A single-group design was employed. The intervention was delivered in two additional support needs schools in Greater Glasgow, Scotland, during one school term (January to June, 2019). Baseline measurements were conducted in the week prior to the intervention commencing and post-intervention measurements were conducted the week after the intervention ended. This trial was registered with the ISRCTN registry (ISRCTN10277566).
Recruitment and participants
A convenience sample was recruited from two additional support needs schools. Two classes were selected from each school to recruit from (n = 22 children in total), with the aim of recruiting all of these children. This sample size was chosen as it is sufficient for the initial feasibility aims to be assessed. Only recruiting from specific classes was a feasibility decision as it enabled the Active Play sessions to be conducted at a class level. A structured recruitment strategy was utilised, with eligible children given an information pack with study details to discuss with their parents. This was followed-up with a parent information session at each school, at which parents could ask questions and get more information on the study. All aspects of recruitment were conducted by one researcher who was not involved in any other aspects of data collection. Children were eligible to participate if they had intellectual disabilities, were aged 7–12 years, and were independently ambulatory. Intellectual disability was measured using the Child and Adolescent Intellectual Disability Screening Scale (CAIDS-Q), which enables a yes/no assessment on the likelihood of intellectual disabilities based on age-specific criteria. Children with additional support needs who did not have intellectual disabilities were not eligible. All participants and parents were required to provide informed consent.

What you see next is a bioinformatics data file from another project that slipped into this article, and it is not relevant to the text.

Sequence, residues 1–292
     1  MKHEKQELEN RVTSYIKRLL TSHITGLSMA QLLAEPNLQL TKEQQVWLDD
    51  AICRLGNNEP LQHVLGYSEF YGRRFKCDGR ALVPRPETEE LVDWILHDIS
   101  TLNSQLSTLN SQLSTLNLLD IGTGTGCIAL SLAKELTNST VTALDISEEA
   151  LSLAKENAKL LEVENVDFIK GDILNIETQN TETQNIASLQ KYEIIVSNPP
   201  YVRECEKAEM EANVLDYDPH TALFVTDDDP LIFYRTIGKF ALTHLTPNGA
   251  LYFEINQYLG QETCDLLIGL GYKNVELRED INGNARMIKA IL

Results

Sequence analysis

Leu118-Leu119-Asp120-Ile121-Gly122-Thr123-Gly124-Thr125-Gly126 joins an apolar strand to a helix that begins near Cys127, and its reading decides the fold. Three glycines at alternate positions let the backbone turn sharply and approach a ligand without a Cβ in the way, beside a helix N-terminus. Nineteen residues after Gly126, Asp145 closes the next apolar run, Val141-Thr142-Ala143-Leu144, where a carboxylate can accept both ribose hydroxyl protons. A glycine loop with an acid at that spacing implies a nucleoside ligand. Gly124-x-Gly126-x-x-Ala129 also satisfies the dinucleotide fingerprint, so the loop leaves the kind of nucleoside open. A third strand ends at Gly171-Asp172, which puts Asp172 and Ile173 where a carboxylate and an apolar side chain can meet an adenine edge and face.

Go2Play Active Play intervention
The Go2Play Active Play intervention was developed in partnership between Agile CIC social enterprise (www.agilecic.com) and Inspiring Scotland (www.inspiringscotland.org.uk) to encourage children to play physically active games in an outdoor environment. It is underpinned by the concept of physical literacy and the development of the fundamental movement skills, motivation, and confidence required to be physically active. In addition to skill development, this intervention primarily aims to support behaviour change in children through increased social support and environmental change . Prior to the intervention commencing, one of the intervention development team observed physical education classes at the participating schools to assess if any adaptations were required to the intervention. Due to the flexibility of the programme, no adaptations to content of the active play sessions were deemed necessary. However, due to developmental differences between children with and without intellectual disabilities, it was deemed appropriate to recruit an older sample of children (7–12 years) in comparison to the previous studies in mainstream schools, which recruited 7-year-old children [15, 16]. Furthermore, in mainstream schools the intervention was delivered for 10 weeks with two sessions per week. However, due to the demands of the curriculum in the participating schools it was not possible to deliver sessions within this timeframe. Instead, the intervention was delivered once per week over a longer duration. Otherwise, the intervention remained the same as the version delivered in the mainstream schools [15, 16].
The intervention ran for 17 weeks (excluding school holidays) and consisted of a weekly 60-min active play session. Sessions were facilitated by the same local play charities who delivered the Go2Play Active Play intervention in mainstream schools. Training about children with intellectual disabilities was given to the play workers who were delivering the intervention, e.g. how to communicate instructions. The sessions were designed to develop fundamental movement skills and increase activity levels, but also to be fun and inclusive to foster positive experiences and perceptions of physical activity. Sessions consisted of a 30-min structured play, with sessions focussed on developing different fundamental movement skills, e.g. throwing and catching games to develop object control. The second half of the session was free play where children were encouraged to interact and to create and play their own games, with the aim of developing social skills.